TOPS in Lexington Magazine May 2014

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Out & About

28 TOPS April Preview Party I 30 TOPS April Preview Party II 32 Bluegrass Council of the Blind See Cruise 34

Dream Factory “Sweet Dreams” Gala


36 Fabby Abbey Ball I 38 Fabby Abbey Ball II 40 Down Syndrome Red Carpet 42 Christ the King Big Blue Fling I 44 Christ the King Big Blue Fling II 188

Bluegrass Conservancy 14th Annual Farmland Conservation Celebration I


Bluegrass Conservancy 14th Annual Farmland Conservation Celebration II

192 Lex. Children’s Theatre Celebrity Curtain Call 194 Run the Bluegrass 196 Bluegrass Airport: An American Aviation Story 198 Fayette County Democratic Party Annual Dinner I 200 Fayette County Democratic Party Annual Dinner II 202 Keeneland College Day 204 Keeneland Military Day 206 Keeneland Horses & Hope Pink Day


226 TOP Shots

206 18


Captions for event photos are typically provided to TOPS by the event organizers. We do our best to check names and spelling…but we are all human and make mistakes. Please contact with any corrections and we will make note of it in the next issue.




Great Ways to Use

Fabric for Parties

Ever since I walked into my grandmother’s sewing room as a child, I’ve had a love of fabric. Her sewing room had a whole wall lined with shelves that were filled with folded fabric. My cousins and I spent many hours playing and learning to sew in that sewing room. When decorating my house or styling a party, I often look to fabric for inspiration. Fabric can be incorporated in so many creative, fun ways in party design. Here are 8 ways to incorporate fabric into parties.

5 TABLE RUNNER Fabric table runners are another way

1 BACKDROPS Setting up food or desserts in a beauti-

to add color and interest to a table. You can lay table runners either vertically or horizontally down a table. If you’d like to make a table runner without having to actually sew, you can use iron-on hemming tape to hem your fabric.

ful way at your next party will encourage guests to sample all the great party food. To give an extra “wow” factor to a food table, you can add a patterned background to the table. One way to accomplish this is by stapling fabric to a large, thin wooden board. Then, set the board at the back of the table, leaning it against the wall.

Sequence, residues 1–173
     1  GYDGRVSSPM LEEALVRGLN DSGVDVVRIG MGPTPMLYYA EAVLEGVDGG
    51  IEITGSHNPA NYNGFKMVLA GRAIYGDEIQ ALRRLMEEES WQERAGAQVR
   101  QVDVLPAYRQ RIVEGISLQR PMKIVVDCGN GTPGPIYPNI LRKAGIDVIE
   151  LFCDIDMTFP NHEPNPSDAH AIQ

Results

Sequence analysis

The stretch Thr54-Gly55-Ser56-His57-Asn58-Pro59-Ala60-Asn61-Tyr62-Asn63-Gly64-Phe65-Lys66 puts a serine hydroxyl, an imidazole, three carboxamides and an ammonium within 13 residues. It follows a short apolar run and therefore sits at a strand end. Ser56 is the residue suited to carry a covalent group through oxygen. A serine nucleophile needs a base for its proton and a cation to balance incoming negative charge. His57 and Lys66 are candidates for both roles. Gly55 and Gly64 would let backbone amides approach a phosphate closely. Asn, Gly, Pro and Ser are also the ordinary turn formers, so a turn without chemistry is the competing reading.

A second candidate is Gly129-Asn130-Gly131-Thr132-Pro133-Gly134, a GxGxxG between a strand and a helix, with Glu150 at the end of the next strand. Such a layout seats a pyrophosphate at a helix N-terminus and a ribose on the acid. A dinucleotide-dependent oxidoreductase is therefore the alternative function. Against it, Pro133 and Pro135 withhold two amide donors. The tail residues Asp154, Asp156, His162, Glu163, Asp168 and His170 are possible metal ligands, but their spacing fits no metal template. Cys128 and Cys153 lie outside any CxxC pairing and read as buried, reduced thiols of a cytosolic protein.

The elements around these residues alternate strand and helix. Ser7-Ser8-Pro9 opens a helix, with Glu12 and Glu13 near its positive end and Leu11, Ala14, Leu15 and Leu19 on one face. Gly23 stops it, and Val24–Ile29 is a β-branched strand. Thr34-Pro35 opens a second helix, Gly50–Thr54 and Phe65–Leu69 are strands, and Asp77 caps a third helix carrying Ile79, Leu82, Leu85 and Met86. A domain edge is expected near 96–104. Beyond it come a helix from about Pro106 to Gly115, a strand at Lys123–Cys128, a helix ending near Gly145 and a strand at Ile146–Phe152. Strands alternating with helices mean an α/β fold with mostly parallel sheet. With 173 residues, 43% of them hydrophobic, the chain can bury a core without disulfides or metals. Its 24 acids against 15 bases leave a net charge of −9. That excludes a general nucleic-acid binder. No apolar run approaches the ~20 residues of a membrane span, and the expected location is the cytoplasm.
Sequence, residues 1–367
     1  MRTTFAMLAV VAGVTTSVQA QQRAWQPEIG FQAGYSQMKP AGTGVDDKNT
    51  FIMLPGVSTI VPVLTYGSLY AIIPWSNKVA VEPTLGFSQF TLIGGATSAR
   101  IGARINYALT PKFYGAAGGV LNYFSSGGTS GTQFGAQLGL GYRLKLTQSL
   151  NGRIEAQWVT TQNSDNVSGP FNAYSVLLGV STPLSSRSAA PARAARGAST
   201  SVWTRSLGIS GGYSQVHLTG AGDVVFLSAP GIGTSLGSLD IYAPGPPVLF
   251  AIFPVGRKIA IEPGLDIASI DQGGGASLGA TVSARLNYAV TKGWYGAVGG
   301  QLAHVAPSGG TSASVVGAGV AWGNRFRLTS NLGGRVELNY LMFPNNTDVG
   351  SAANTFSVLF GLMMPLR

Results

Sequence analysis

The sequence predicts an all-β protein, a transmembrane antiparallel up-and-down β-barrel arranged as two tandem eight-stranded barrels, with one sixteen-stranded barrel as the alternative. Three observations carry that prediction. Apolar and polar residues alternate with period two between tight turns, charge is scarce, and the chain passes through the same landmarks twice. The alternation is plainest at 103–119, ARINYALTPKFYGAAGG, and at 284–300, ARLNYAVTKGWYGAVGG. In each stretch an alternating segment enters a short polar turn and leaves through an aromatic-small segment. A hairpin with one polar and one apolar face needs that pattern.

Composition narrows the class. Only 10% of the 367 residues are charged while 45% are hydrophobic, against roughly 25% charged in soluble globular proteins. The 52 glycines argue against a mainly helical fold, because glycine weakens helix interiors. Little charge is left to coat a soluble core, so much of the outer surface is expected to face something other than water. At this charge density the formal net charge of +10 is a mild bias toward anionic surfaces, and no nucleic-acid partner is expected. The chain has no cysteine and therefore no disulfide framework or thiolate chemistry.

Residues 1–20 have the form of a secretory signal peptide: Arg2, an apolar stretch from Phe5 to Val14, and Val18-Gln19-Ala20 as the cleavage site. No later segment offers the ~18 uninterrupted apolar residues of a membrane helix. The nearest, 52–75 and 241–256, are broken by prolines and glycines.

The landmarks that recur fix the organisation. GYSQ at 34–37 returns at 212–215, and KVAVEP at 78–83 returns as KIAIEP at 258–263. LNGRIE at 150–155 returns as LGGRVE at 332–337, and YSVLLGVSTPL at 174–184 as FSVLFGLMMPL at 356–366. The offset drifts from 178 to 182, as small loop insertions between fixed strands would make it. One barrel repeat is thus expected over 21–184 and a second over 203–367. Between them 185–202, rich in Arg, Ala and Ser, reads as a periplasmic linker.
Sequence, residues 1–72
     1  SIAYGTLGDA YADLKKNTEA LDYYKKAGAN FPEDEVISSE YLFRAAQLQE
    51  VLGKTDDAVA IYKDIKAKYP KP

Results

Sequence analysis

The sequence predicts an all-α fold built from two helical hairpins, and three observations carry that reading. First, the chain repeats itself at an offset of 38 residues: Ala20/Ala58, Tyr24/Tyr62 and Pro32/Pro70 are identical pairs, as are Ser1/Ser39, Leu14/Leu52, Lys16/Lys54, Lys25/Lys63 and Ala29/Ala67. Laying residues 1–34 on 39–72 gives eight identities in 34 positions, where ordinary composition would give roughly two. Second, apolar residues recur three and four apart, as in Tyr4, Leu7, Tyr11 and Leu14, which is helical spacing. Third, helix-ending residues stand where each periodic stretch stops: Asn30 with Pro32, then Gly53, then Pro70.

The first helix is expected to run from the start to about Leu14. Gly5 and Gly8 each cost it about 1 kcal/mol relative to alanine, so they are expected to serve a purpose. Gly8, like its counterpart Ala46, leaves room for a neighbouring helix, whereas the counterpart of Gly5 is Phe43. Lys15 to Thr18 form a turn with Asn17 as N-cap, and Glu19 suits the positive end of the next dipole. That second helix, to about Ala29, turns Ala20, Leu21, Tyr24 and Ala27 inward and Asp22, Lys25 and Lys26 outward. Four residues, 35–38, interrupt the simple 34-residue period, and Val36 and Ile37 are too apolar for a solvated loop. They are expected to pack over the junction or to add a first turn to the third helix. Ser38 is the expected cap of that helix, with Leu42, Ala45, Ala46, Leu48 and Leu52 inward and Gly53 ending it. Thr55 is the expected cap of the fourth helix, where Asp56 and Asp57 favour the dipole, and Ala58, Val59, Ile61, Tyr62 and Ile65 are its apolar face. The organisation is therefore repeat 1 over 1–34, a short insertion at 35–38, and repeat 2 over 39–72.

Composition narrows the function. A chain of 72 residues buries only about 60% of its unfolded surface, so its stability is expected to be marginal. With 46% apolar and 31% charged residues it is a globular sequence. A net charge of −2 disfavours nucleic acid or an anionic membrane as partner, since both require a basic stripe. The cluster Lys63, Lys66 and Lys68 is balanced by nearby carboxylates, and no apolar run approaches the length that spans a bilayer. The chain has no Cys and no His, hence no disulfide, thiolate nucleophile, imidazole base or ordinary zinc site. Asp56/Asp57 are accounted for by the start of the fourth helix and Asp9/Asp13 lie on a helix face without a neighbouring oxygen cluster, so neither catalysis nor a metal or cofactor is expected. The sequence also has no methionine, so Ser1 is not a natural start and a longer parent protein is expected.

BANNERS & GARLANDS No sew fabric banners are a festive touch to any party. You can simply cut out triangles or other flag shapes of your favorite fabric. An easy way to hang them on ribbon is by attaching them using mini clothespins. Another no sew fabric banner option is a rag fabric garland. To make a rag garland you’ll need thick jute twine or rope, a measuring stick, fabric, and scissors. To make, simply cut strips of coordinating fabric into 3” by 24” strips. Tie the strips of fabric onto the rope, knotting in the middle so there is an equal amount of fabric that hangs down on each side. As you tie, push the fabric to one end of the rope. Repeat until you have the desired amount of fabric on the rope. You can hang your garland from a mantle or on the front of a food table.

3 NAPKINS Sometimes table settings need an ad-

ditional punch of color. Adding fabric napkins is a great way to add a little pop of color to a table. Although neutral white napkins are a safe choice, colorful ones can really make a place setting come to life. Another way to give life to some white napkins is to trim them with colorful ribbon using iron on hemming tape.

4For kids UTENSIL HOLDERS tables, felt utensil holders whim-

sically hold all the necessary utensils in one spot. They can also be used over and over each year. You can make felt utensil holders by gluing together the fabric or hand-stitching it for a hand-crafted look. For example, felt owls or turkeys would be great for Thanksgiving.



6 TRAY LINER White serving dishes are the

most versatile party dishes. However, sometimes the food you are serving looks a little better on trays with some color. Using fabric to line serving dishes is an inexpensive way to add color.



BOWTIES Bowties are one of my favorite party accessories to make. They are simple to make and instantly add a little Southern style to a place setting or dessert table. Try using them laid on top of napkins, attached to the front of a cake plate or vase, or tied around a mason jar.